Photo: Abby Wood/Smithsonian’s National Zoo
From the National Zoo’s Nicole MacCorkle:
“Bao Bao is participating in regular training sessions with her keepers, but as always, only on her terms. On the days when she’s focused, we make real progress—we build on old behaviors she has mastered, and learn new behaviors.
One behavior we have been continually building on is targeting. Bao Bao has been touching her nose to the target since she was about 5 months old. Now she can follow the target partway inside from the outdoor yard. And she stands on her hind legs when keepers ask. She certainly recognizes her name (when called by familiar voices) but doesn’t reliably respond yet, the way her parents do. As a matter of fact, even when Mei Xiang calls to her by bleating, Bao Bao doesn’t always respond to her! Interestingly, she does follow Mei outside most days, and rarely has to be carried onto the patio by the keepers anymore. We just need to find a way to motivate her to do the reverse in the afternoons.
Over the years we have trained our giant pandas to do amazing husbandry behaviors, and Bao Bao certainly has as much potential as anyone else in her family. Before she can do as many behaviors as Mei or Tian, we must capture and consistently be able to hold her interest in training.
There are a couple of challenges in working with Bao Bao. Those of us who worked with Tai Shan remember how interested he was in interacting with his keepers, even from a very young age. Giant panda biologist, Laurie Thompson, sums it up very well: “We were a novelty for Tai Shan. He wanted to see where we were and what we were doing.” Bao Bao has always been more standoffish where we are concerned, and is less interested in interacting with us. It highlights the fact that although Bao Bao and Tai Shan are both giant pandas, and even full siblings, they are unique individuals.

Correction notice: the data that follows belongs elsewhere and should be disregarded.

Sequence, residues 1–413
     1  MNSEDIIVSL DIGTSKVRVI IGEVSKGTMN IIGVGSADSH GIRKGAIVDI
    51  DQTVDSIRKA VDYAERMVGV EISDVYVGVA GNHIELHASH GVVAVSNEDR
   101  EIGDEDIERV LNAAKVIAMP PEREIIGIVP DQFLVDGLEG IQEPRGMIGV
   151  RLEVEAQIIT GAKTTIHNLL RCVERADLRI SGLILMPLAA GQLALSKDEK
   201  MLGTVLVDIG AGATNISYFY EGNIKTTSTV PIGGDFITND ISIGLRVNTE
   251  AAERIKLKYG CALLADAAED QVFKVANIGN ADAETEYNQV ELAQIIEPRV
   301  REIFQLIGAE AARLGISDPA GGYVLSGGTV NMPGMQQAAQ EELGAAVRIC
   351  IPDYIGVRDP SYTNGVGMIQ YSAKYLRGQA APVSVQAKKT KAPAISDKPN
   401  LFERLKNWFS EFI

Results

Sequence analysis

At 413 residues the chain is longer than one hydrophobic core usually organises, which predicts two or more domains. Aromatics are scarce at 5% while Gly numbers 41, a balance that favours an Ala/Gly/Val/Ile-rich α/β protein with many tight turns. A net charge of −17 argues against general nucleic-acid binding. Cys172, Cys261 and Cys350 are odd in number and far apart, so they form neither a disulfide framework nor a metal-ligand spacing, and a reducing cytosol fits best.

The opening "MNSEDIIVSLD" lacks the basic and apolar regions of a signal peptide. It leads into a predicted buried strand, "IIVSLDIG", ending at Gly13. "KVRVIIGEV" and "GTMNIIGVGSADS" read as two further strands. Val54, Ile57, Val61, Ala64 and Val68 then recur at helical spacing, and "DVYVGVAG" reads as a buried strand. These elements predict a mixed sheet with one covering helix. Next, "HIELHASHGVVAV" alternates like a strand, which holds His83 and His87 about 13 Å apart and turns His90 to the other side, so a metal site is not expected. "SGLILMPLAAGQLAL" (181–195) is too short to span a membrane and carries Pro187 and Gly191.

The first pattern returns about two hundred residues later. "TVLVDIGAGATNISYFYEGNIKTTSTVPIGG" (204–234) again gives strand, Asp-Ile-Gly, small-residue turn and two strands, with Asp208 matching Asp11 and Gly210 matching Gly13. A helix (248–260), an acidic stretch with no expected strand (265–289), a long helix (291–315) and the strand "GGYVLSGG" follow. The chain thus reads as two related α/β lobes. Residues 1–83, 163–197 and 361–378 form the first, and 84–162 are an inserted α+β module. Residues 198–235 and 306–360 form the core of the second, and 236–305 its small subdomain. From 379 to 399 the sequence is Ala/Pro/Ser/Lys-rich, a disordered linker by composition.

The second challenge has been finding just the right training reward for Bao Bao. We have used cooked sweet potato, corn syrup, and dilute apple juice but with only mixed results at best. She doesn’t seem very interested in leaf eater biscuits yet (one of the first training rewards we used for big brother, Tai), and because she is still under a year old, we cannot use honey. We have even tried skipping the food as a reward altogether, and opted for favored toys, such as her pink jolly ball or the red ping toy—but they haven’t worked either. Recently, we have been trying to motivate her with miniature versions of fruitsicles, and those seem to be holding her interest more than anything else we’ve tried.
For Bao Bao, at nearly 11 months old, her favorite activity still seems to be sleeping high up in one of her favorite trees, swaying in the breeze, for hours on end. She often seems to be too busy relaxing to be bothered by such things as targets or keepers calling her inside for the evening. The only thing that seems to reliably bring her down out of her tree is a rumbling tummy, and when that happens she wants to nurse.
There are some days when she comes in without assistance, either by following her mom, or just by climbing down and walking inside on her own. There have even been a few days recently when she responded to us as we called to her, and moved toward us all the way back to the patio just like the adults! Those desired behaviors are “jackpotted” with lots of praise and some extra yummy goodies (i.e. mini fruitsicles!) in the hopes that they will become second nature to her. In the meantime, on the days when she chooses to linger outside we get to spend extra time interacting with her. But those days are dwindling as she grows.”